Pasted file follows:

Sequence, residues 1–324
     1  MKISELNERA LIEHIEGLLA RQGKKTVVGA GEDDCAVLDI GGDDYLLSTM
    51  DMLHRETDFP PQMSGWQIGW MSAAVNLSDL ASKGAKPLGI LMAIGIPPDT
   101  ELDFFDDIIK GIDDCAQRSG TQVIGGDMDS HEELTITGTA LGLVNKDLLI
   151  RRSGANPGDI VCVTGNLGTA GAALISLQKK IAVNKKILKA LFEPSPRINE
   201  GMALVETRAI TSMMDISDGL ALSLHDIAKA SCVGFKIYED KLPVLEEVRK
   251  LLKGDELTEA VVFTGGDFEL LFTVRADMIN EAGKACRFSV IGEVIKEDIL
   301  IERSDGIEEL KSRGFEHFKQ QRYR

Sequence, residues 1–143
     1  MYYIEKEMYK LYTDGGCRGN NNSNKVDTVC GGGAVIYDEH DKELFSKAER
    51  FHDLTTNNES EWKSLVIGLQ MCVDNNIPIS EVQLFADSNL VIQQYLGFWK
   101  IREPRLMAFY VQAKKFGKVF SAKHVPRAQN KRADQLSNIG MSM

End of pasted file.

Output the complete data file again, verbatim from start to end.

Sequence, residues 1–324
     1  MKISELNERA LIEHIEGLLA RQGKKTVVGA GEDDCAVLDI GGDDYLLSTM
    51  DMLHRETDFP PQMSGWQIGW MSAAVNLSDL ASKGAKPLGI LMAIGIPPDT
   101  ELDFFDDIIK GIDDCAQRSG TQVIGGDMDS HEELTITGTA LGLVNKDLLI
   151  RRSGANPGDI VCVTGNLGTA GAALISLQKK IAVNKKILKA LFEPSPRINE
   201  GMALVETRAI TSMMDISDGL ALSLHDIAKA SCVGFKIYED KLPVLEEVRK
   251  LLKGDELTEA VVFTGGDFEL LFTVRADMIN EAGKACRFSV IGEVIKEDIL
   301  IERSDGIEEL KSRGFEHFKQ QRYR

Sequence, residues 1–143
     1  MYYIEKEMYK LYTDGGCRGN NNSNKVDTVC GGGAVIYDEH DKELFSKAER
    51  FHDLTTNNES EWKSLVIGLQ MCVDNNIPIS EVQLFADSNL VIQQYLGFWK
   101  IREPRLMAFY VQAKKFGKVF SAKHVPRAQN KRADQLSNIG MSM